Express & Star

Iron Maiden talk ahead of Birmingham gig

They’ve sold 90 million records. Get that. Ninety. Million.

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Iron Maiden talk ahead of Birmingham gig

And in their 42 years together, Iron Maiden have secured enough platinum, gold and silver discs to fill 17 restrooms and 58 studios. They’ve built and recycled more Eddie mascots than the ski jumper nicknamed ‘Eagle’ and they play so many gigs that they’ve bought their own jumbo jet.

After their present run of shows – which includes a headline at Birmingham’s Barclaycard Arena on Sunday – they’ll be heading back to the States for a US tour.

Bassist and songwriter Steve Harris says: “We are really looking forward to returning to North America for a full tour. We had always planned to go back there and to the UK as last year, due to the global nature of the tour and the period it took, we just didn’t have time to cover them properly and we do still like to get to fans in as many places as possible.”

“We will, of course, be bringing the full production with us including all the Eddies and the Maya-themed stage sets. There’s been a great reaction from everyone to this tour’s theme, people really seem to love it. We’re still deciding on the final set-list and we’ll work that out once we get into rehearsals.

“Most of our North American fans haven’t seen the show yet so as we want to give them the same Book Of Souls live experience that we took around the world, it’s unlikely we’ll change much. And, of course, we know our fans appreciate us playing a lot of the older songs too, so we will continue to do that!”

The Book of Souls came out in 2015 and marked the start of a newly-creative period for the band. It gave Iron Maiden their fifth number one, having been recorded at Guillaume Tell Studios, in Paris. The record was their first double album and they hit the road in February last year, playing 35 countries in North and South America, Asia, Australasia, Africa and Europe, including their first ever shows in China, El Salvador and Lithuania.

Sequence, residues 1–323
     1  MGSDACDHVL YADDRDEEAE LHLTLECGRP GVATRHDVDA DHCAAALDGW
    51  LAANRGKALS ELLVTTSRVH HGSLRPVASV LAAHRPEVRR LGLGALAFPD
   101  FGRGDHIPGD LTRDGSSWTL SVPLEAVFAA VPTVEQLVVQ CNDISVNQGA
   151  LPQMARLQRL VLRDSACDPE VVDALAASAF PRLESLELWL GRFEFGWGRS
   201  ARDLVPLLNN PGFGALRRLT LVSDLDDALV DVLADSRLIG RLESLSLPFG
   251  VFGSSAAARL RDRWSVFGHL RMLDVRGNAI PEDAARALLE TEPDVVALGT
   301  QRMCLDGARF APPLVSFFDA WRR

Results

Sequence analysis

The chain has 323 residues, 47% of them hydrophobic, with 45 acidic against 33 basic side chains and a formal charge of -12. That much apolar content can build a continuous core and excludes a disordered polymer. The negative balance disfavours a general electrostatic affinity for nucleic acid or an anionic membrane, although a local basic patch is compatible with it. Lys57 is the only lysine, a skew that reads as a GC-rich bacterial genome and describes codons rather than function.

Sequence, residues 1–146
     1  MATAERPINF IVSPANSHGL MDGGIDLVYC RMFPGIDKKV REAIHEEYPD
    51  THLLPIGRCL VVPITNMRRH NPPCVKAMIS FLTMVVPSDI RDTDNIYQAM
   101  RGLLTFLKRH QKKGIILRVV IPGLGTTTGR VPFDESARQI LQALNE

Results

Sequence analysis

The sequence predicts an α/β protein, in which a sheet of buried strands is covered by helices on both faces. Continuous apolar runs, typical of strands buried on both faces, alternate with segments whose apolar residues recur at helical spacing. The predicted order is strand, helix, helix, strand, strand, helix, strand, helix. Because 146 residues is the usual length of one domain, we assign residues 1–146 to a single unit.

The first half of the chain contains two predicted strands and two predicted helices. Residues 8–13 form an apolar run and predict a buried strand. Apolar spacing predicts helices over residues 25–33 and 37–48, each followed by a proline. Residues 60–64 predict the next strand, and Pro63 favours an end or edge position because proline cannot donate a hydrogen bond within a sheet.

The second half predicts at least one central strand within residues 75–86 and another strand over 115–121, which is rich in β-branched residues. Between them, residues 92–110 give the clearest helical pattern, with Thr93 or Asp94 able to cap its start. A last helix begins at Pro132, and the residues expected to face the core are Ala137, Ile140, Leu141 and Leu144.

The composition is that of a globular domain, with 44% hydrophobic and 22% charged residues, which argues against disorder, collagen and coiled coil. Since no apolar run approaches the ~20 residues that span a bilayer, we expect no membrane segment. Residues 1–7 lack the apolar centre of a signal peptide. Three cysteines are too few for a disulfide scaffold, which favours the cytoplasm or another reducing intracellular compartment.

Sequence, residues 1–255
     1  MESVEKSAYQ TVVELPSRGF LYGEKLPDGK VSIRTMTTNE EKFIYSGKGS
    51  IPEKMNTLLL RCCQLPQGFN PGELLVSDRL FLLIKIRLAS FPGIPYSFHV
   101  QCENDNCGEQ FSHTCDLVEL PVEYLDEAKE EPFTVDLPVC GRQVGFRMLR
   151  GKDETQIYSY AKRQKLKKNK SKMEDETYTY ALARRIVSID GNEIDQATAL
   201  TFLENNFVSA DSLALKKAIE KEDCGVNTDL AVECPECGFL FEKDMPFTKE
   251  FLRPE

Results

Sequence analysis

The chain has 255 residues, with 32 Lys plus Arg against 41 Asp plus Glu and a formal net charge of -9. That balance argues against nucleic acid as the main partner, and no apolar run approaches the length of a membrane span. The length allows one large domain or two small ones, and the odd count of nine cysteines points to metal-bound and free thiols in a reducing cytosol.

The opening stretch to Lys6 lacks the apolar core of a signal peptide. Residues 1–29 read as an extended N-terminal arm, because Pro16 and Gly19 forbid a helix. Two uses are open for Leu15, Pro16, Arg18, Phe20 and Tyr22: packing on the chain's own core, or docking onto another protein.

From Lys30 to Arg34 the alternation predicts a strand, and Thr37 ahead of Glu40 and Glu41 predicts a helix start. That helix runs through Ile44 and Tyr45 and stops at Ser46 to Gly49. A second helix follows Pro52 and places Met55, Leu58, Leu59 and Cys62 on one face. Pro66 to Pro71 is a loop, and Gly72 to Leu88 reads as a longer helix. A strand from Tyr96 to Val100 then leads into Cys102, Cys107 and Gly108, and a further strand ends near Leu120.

They travelled in their own jumbo jet, nicknamed Ed Force One, before starting the 2017 leg in the UK. The shows marked the band’s first since Bruce Dickinson’s brush with cancer.

Steve adds that the singer was fine from the start. “Right from the first show, and even in rehearsals, he was singing really well. He’s really happy where he’s at with his voice, and so are we. Obviously, there was no guarantee he was going to get back in top form, but he really has. He’s singing as good as or better than ever.

“Two years ago we didn’t know if we had a future, to be honest. It was very serious. The main thing was whether Bruce was going to be OK – that was first and foremost. Once you get on from there, you think, ‘Wow, have we still got a future or not?’ It affects everybody, not just us but people who work for us and everything else. It’s a big responsibility weighing on you. At the end of the day, we’re just really happy to be here. You never know how long you can carry on for.”

Steve is thrilled that fans have enjoyed the band’s new material. While they’re ever-happy to play hits such as The Number of the Beast and Run To The Hills, or Can I Play With Madness and Bring Your Daughter To The Slaughter, they’re happy showcasing new tunes. “Whenever we play new material, eventually some of the songs become classics themselves. They can’t become that unless you play them. Any new song is not going to go down as well as some of the old stuff,”